Newswise — WACO, Texas – The roles of daughters in the family structure and in society are difficult to define and they’re rarely understood – even by daughters themselves – said Allison Alford, Ph.D., clinical assistant professor of business communication in Baylor University’s Hankamer School of Business.
Alford, who served as an editor on the book “Constructing Motherhood and Daughterhood Across the Lifespan,” is the lead author on a new study, “Role Expectations and Role Evaluations in Daughtering: Constructing the Good Daughter,” published in the latest edition of the Journal of Family Communication.
“Our research has found that ‘daughtering’ is invisible work that is not often credited, and it’s as unique as the individual women who are doing the work,” Alford said. “This study and subsequent conversations hopefully will bring to light the idea of daughtering. And as more people hear about it and learn about it, then we’ll start to give credit to it and notice it in our own lives.”
The study centers on mother-daughter relationships, specifically, and looks at how daughters perceive and define their roles in that relationship. Researchers interviewed 33 women, ages 25-45, who have living mothers under the age of 70. Those age ranges were chosen in order to capture a time period for mothers and daughters with the greatest likelihood that neither individual was the caregiver of the other and both were in relatively good health, the researchers wrote.
Expectations of the “Ideal Daughter”
Alford said analysis of the interviews with the daughters revealed four themes or role expectations for an “ideal daughter” in relation to her mother:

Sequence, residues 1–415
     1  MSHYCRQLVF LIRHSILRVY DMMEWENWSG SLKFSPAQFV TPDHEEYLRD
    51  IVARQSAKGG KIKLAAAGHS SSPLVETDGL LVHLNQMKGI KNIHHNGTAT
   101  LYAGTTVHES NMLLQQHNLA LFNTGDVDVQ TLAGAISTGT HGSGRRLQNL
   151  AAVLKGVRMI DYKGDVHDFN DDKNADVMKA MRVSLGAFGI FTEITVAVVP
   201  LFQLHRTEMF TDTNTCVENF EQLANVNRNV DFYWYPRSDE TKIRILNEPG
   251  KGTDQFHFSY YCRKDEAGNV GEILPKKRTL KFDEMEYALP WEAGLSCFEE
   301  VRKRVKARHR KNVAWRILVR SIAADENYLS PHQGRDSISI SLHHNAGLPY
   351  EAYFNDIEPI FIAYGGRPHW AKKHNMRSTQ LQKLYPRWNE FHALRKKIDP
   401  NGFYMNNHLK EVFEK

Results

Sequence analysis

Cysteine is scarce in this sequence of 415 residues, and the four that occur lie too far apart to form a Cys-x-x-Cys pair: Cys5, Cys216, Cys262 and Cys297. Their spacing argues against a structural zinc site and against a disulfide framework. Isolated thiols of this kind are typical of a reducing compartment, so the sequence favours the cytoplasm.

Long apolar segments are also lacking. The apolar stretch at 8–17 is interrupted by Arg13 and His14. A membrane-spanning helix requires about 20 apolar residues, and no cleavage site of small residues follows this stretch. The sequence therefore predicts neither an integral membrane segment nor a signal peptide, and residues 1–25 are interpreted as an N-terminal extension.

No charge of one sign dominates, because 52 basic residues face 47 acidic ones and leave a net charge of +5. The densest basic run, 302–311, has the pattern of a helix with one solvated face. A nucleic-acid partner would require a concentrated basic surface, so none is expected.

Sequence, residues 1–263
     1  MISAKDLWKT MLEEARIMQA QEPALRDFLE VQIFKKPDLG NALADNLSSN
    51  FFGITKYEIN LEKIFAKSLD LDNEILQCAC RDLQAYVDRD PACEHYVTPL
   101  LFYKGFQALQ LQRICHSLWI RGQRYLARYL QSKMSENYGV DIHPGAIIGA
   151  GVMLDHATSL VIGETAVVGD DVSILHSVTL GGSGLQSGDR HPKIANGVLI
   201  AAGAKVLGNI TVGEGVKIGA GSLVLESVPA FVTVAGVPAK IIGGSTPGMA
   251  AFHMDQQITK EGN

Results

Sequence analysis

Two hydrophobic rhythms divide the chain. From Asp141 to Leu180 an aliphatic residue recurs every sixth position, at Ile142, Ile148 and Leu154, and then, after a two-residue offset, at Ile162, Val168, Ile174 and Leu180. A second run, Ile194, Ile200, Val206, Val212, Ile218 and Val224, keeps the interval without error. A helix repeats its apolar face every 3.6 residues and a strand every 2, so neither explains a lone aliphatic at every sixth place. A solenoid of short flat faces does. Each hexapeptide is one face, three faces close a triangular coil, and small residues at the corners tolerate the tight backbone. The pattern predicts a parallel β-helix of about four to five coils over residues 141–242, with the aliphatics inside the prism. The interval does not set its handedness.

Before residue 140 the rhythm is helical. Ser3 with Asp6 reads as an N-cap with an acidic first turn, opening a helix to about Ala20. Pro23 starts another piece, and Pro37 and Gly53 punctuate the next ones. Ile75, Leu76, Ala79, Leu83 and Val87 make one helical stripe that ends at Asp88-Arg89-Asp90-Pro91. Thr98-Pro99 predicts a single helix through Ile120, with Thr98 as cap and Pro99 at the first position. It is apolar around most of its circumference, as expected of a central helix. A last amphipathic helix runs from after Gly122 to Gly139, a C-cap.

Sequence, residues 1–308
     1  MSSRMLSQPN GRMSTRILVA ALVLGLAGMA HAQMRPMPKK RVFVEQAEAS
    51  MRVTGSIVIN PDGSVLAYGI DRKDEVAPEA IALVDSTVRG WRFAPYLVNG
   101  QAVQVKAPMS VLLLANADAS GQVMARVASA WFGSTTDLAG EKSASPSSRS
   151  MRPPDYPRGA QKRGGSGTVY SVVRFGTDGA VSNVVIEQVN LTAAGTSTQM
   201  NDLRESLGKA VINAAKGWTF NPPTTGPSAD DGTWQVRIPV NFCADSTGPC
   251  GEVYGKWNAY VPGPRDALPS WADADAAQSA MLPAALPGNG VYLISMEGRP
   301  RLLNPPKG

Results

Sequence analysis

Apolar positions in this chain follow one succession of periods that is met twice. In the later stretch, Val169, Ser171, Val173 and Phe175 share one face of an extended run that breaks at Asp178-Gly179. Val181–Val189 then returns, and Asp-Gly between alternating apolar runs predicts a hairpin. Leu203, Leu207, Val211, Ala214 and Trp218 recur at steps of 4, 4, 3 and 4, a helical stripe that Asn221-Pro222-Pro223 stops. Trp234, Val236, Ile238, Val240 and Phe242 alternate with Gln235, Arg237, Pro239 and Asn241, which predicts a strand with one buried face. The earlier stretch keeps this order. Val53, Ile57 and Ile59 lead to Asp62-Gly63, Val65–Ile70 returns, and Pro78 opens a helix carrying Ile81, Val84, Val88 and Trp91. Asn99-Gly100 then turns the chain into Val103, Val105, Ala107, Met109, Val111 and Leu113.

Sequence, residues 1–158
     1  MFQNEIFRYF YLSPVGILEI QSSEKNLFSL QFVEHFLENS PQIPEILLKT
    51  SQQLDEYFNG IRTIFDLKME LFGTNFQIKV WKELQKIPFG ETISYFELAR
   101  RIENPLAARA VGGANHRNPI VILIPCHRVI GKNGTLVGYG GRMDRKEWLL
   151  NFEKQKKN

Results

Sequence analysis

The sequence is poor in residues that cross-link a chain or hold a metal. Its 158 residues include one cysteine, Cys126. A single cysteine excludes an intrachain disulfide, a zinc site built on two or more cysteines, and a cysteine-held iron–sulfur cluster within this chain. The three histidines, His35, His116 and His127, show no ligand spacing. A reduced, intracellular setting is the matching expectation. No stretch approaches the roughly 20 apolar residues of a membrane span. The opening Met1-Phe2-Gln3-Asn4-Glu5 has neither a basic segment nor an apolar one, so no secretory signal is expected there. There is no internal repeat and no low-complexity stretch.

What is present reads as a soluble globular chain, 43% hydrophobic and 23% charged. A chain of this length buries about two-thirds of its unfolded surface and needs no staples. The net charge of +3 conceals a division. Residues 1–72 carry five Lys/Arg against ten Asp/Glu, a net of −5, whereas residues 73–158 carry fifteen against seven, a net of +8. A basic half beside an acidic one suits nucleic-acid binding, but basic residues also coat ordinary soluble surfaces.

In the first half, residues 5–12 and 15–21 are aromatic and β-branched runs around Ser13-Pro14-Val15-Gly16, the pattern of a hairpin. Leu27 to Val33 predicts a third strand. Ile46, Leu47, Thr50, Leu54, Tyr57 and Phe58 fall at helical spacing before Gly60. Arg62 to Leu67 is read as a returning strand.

- Showing respect
- Providing protection
- Eliciting mothering
- Making time for connection
Each of those efforts requires work, and that work often goes unnoticed or is undervalued – even by daughters themselves, Alford said.
The study noted that many of the women who were interviewed initially – almost naturally – anticipated talking about their mothers instead of themselves.
“When asked to think about themselves as daughters and their communication in the relationship, many found themselves doing so for the very first time,” the researchers wrote. “These women noted that putting the emphasis on themselves and describing their role as adult daughters felt strange or awkward in its newness.”
Respect, the study showed, was the most common topic addressed by the daughters. Based on the interviews, a daughter’s respect for her mother could be demonstrated by avoiding conflict, silencing one’s disagreement with her mother, reacting positively to her mother’s messages and supporting her mother’s power position.
“Daughters demonstrated respect by adapting their communication to affirm their mothers’ competence or otherwise avoid offending and disregarding them,” the researchers wrote.
One woman, identified as Kelsey in the study, said she listens to her mother talk about things she dislikes and sometimes apologizes to her mother even when she doesn’t feel apologetic.
“I would never say, ‘Mom, I don’t want to hear it,’ because I would never say that to my mom. Ever. I would listen to her … I would listen to her tell me things I don’t wanna hear all day long, and never tell her,” Kelsey said.
A number of the adult daughters interviewed felt there was an expectation that they would actively protect their mothers. This could be a daughter protecting her mother’s wellbeing, protecting her mother from being taken advantage of, or protecting her from the disrespectful actions of others, including siblings.
One woman, Sabine, described a time when she had to stand up to her brother because she felt he was taking advantage of their mother’s goodwill. In addition, she said she had to “get after” her mother for not employing boundaries with the brother.
The examples in the study illustrated that many daughters were happy to be champions for their mothers, but some noted that it was difficult to be protectors.